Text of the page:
OITA, 8 Oct - A preview of the Pool D game between Wales and Fiji, which kicks off at 18:45 on Wednesday at Oita Stadium.
The big picture
Just the mention of Nantes 2007 sends a shudder down the spine of anyone connected with Welsh rugby.
Wales were so confident of winning their final pool game against Fiji at that year's World Cup that they had already made the players aware of the preparations for the quarter-finals.
But in a rollercoaster of a game which you can watch below - and despite outscoring their opponents five tries to four - Wales lost 38-34 and crashed out of the tournament as Fiji celebrated, pictured above.
Coach Gareth Jenkins was sacked in the car park of the team hotel in France, the Welsh Rugby Union turned to a New Zealander, Warren Gatland, and the rest is history.
That history includes three Grand Slams and a Six Nations title as well as runs to the RWC semi-finals in 2011 and quarter-finals in 2015.
Wales have beaten Fiji in their two World Cup meetings since, a 66-0 thrashing in 2011 and a 23-13 win in Cardiff four years ago.
Defeat at Oita Stadium this time would not have such dire consequences, as victory in their remaining game against Uruguay would still take Wales through, though they would probably lose the advantage that comes with finishing top of the pool.
Captain Alun Wyn Jones, who will win his 131st cap against Fiji, is the only survivor from that 2007 team, though outside-half Stephen Jones is now on the Wales coaching staff.
"It was a huge disappointment to get knocked out in the group stages," said Stephen Jones.
"It highlighted what Fijian rugby is all about. Give them space and time and they move the ball well and have an offloading game and put you under pressure. They did that day and scored some wonderful tries."
Fiji coach John McKee said his side will use that famous 2007 win as an inspiration as they look to keep alive their hopes of qualifying in their final match of the pool stage.
"We will certainly use that as a reference point this week and that is one of the great Fijian performances," said the New Zealander.
"History can inspire us but the result will be determined on how the players play in the game.
"These boys are very proud of representing their country and they really want to put in a performance that makes the whole nation proud of this Flying Fijians team.
"They’ve got to realise that the things they do set an example for future generations."
Gatland, who departs his role at the end of this tournament, knows the danger posed by the Pacific Islanders.
"They have got some real threats, it's going to be a tight game," he said.
"We've got to make sure we shut their space down and shut down their time on their ball."
Form guide (most recent matches first)
Played 11 - Wales 9W, Fiji 1W, Drawn 1
In the spotlight
Viliame Mata, Fiji's towering back-row forward, will need little introduction to the Wales players as he makes a return to the starting line-up after a calf injury.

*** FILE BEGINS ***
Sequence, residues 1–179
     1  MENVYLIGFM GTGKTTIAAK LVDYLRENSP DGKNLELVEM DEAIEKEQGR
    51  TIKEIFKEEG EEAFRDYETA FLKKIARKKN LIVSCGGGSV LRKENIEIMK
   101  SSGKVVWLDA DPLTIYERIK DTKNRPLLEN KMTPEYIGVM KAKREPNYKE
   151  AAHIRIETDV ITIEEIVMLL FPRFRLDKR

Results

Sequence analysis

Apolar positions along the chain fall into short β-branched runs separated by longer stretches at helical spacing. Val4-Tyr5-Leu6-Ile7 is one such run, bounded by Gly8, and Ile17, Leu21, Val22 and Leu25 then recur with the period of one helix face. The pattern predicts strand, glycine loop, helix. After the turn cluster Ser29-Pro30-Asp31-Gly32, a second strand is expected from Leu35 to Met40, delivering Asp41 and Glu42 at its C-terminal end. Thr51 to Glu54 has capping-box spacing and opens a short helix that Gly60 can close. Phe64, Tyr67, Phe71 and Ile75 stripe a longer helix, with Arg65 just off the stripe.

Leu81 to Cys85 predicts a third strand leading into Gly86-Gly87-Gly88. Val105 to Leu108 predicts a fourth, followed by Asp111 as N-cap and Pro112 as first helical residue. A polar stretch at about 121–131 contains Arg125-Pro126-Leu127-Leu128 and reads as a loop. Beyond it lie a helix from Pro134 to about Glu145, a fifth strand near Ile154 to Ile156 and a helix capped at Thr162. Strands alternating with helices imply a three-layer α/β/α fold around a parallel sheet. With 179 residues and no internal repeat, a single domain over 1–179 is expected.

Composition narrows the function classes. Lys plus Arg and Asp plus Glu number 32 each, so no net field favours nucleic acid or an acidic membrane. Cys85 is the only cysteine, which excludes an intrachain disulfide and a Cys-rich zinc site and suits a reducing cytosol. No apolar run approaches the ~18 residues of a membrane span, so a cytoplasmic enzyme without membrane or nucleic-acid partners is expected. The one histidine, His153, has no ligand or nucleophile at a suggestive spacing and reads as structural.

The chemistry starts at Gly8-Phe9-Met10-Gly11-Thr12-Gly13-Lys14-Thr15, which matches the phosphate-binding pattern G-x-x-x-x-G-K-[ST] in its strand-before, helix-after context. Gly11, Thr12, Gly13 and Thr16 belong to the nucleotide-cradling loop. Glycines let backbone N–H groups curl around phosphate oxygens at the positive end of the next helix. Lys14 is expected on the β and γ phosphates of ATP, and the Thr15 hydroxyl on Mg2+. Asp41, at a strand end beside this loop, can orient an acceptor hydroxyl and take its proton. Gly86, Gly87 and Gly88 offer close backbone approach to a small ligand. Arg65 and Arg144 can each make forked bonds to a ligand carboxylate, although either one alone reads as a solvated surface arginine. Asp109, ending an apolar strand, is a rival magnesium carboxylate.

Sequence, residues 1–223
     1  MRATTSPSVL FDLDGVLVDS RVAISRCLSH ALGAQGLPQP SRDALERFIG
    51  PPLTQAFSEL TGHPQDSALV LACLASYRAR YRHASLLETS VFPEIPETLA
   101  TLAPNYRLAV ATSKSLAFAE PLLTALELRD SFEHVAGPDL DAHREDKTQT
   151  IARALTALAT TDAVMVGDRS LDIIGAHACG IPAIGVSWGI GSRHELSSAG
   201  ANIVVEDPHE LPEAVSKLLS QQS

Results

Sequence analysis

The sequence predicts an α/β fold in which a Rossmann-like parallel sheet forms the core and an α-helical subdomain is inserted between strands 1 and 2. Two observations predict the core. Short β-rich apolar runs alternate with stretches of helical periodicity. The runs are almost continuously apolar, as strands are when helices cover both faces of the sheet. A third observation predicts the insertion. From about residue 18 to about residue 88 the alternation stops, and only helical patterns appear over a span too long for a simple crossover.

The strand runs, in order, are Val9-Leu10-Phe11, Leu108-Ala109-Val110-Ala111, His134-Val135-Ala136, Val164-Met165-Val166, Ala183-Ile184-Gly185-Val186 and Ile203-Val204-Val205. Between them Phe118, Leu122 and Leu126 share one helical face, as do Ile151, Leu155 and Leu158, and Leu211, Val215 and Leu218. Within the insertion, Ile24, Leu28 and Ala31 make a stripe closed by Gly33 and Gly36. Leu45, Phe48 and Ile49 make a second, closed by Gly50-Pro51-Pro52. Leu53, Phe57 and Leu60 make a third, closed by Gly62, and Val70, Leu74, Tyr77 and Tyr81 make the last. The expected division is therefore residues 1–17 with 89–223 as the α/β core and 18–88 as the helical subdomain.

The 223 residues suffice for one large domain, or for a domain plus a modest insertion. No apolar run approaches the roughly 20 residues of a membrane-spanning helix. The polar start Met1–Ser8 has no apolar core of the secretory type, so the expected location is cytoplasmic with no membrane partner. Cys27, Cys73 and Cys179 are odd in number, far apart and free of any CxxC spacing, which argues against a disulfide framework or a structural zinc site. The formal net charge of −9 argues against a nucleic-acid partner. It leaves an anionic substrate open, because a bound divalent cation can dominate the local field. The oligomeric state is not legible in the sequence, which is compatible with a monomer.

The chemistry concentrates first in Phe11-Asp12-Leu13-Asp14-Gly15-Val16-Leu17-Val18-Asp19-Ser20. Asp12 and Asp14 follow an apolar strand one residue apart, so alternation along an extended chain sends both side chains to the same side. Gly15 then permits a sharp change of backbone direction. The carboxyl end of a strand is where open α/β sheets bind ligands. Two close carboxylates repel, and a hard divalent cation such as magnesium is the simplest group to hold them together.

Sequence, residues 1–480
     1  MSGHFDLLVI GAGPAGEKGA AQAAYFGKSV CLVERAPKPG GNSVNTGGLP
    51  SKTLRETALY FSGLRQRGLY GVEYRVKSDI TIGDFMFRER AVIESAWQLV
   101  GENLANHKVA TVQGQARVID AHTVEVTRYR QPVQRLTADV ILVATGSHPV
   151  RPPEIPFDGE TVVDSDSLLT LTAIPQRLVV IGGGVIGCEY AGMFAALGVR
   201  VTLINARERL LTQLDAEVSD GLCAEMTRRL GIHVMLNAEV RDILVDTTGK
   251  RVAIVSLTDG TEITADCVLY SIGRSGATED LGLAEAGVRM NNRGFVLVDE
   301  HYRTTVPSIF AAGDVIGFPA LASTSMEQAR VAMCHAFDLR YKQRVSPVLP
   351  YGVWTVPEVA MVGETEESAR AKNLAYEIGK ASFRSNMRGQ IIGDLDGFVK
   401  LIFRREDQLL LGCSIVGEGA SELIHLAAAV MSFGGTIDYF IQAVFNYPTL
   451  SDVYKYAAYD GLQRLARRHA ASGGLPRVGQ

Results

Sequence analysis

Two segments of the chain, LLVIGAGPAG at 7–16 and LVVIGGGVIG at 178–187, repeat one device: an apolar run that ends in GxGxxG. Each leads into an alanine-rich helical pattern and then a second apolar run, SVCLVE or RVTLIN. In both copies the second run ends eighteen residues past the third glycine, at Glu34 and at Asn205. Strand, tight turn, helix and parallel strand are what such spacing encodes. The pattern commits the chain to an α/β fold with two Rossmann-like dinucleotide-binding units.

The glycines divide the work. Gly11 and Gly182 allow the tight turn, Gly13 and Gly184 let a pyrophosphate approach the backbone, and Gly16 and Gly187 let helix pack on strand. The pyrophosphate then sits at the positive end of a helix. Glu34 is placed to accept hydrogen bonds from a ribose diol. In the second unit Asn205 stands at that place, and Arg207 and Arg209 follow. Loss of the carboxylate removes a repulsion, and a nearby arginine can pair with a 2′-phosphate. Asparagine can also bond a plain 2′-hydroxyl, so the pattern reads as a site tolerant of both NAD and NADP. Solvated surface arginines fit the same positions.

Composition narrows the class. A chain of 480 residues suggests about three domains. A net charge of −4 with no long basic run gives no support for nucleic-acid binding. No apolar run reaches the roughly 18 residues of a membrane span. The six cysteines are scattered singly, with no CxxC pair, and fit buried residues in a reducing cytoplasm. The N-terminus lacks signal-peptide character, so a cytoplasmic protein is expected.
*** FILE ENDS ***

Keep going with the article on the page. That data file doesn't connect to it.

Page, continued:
He was named Edinburgh's European and Pro14 player of the year last season for his club performances and knows all about his opponents in Oita.
He also led Fiji to victory over Great Britain in the rugby sevens final at the Rio 2016 Olympic Games.
"Edinburgh created a personal programme that suited me very well as a Fijian in the northern hemisphere," said Mata.
"I have to give credit to them. A lot of Fijians are making the move over to Europe, and that is very good for Fijian rugby."
Wales have made two changes to the starting XV from their opening two games, both in the back row, with number eight Ross Moriarty making his first start at the tournament and flanker James Davies making his RWC debut at flanker.
Out go Justin Tipuric, who is being rested and who looks likely to captain a much-changed team against Uruguay on Sunday, and Aaron Wainwright, while the versatile Josh Navidi switches from number eight to blindside flanker.
Rhys Carre, who as the youngest member of the squad has been carrying around a Welsh love spoon - a wooden symbol used to express affection, part of a 400-year-old tradition - gets a spot on the bench.
Viliame Mata, Fiji’s back-row forward, returns to their starting XV after proving his fitness from the bench against Georgia, having sustained a calf injury in their opening defeat by Australia.
Stats and trivia
Wales centre Jonathan Davies is nicknamed 'Fox' as he was raised above the Fox & Hounds pub run by his parents in Bancyfelin. Younger brother James is nicknamed 'Cubby Boi' or 'Cub', which he has tattooed across his knuckles.
Fiji won one pool phase match in 2011 and 2015. The last time they won multiple pool phase matches was in 2007, when they won three, including that victory over Wales.
"When I congratulated James (Davies) his reply was, 'You have finally seen the light, have you?' I loved that. I thought it was brilliant, a great response." - Wales coach Warren Gatland on telling Davies he had been selected to make his RWC debut.
"For the Wales game, we are training as if it is a final for us. The boys are going to give it their all,” said Fiji’s Villiame Mata.